Who is God?

Dear Hyde Park Family,

In 1952, Encyclopedia Britannica published one of the most ambitious publishing projects in the 20th Century. It put out a series of 52-volumes called The Great Books of the Western World. Every important work from Western Civilization is in there, from Anselm and Aquinas to William Shakespeare to Sigmund Freud.

The first two of those 52 volumes are just the index, which categorizes these thousands of works along various topics. Turn to the topic of nature, for example, and you’ll see a list of entries from the Great Books that talk about them. Turn to the topic of wisdom, and you’ll see what Plato said about it, or what Mark Twain said about it.

And what do you suppose is the longest entry in the entire index? The one subject that more authors in Western Civilization said something about than another topic?

God.

Mortimer Adler, the great philosopher and editor of this majestic set of volumes, was once interviewed by Larry King. King asked him, “Why is the topic of God the one that is most addressed throughout western history?”

His response: “Because our consequences for life follow from that one issue than any other issue you can think of.”

What a simple answer to a big question. The way we understand God has more consequences for life than any other subject. It impacts how you speak. How you see others. Whom you love, and whom you despise. How you apportion your energies and how you spend your money. Every other subject is a mere footnote to the ultimate question of who God is.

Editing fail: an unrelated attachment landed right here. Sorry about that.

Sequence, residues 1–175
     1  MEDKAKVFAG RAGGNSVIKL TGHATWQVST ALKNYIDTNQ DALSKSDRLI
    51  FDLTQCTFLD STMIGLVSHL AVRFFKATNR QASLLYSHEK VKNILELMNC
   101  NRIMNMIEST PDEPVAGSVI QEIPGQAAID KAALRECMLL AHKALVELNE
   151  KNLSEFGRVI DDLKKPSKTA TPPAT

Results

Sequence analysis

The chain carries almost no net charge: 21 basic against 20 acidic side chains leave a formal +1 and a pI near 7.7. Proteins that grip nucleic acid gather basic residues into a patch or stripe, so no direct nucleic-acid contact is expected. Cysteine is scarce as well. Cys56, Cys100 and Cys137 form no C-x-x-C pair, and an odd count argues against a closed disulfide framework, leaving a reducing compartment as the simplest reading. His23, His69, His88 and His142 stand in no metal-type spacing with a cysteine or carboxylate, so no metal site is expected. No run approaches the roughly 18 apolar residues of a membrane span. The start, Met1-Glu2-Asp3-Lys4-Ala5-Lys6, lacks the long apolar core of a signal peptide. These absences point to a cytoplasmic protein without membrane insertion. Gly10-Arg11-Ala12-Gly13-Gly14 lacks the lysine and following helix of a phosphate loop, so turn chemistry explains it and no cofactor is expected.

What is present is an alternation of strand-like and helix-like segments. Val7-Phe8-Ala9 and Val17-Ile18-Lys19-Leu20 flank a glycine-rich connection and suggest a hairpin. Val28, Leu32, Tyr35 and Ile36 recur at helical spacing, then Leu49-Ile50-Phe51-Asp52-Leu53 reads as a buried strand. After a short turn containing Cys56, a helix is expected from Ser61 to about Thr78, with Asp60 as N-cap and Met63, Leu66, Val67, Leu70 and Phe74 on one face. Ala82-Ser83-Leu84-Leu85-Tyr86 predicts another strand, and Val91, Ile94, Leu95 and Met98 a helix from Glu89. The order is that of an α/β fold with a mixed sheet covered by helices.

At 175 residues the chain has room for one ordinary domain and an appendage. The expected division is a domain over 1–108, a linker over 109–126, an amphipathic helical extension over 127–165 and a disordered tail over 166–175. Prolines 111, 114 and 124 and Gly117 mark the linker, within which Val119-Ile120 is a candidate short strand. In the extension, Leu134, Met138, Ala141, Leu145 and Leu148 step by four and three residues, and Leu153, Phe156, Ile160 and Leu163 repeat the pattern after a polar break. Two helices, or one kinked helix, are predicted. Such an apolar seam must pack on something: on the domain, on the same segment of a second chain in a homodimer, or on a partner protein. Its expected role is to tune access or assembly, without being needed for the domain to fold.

This Sunday we continue our worship series “Hard to Believe” with a deeper exploration of the nature and character of God. In particular, we will think about these three classic descriptors of God: Omniscient (all-knowing), omnipresent (in all places), and omnipotent (all-powerful). Each of these convictions is not without complexity or complication, but each offers a distinct way to experience God personally.

Join us Sunday, with your curiosity and your questions, as we ponder who God is, and the consequences of those answers for our lives.

Grace and Peace,

The Rev. Magrey deVega
Senior Pastor, Hyde Park United Methodist

Head and Heart

Dear Hyde Park Family,

Last Sunday we began our new worship series, “Hard to Believe,” which explores essential tenets of the Christian faith that are difficult to fully comprehend. You can watch last week’s sermon here.  My hope is that this series will give you the freedom to both embrace mystery and ask sincere questions about what we claim as Christians.

Asking questions is how we mature, both in life and in faith.

After worship, a parishioner named Sheffield Crowder shared a powerful personal story with me. Sheff is a gifted community leader who works with non-profits in the area of education and leadership development.

He is also a deeply committed Christian. He gave me permission to share his story.

Sheff grew up on a small horse farm here in Tampa, with aspirations of being a nationally renowned equestrian rider. As those dreams were ending and he was struggling to find his course in life, a friend invited him to a local gathering of the Christian ministry Young Life during his junior year in high school, and his faith journey really began.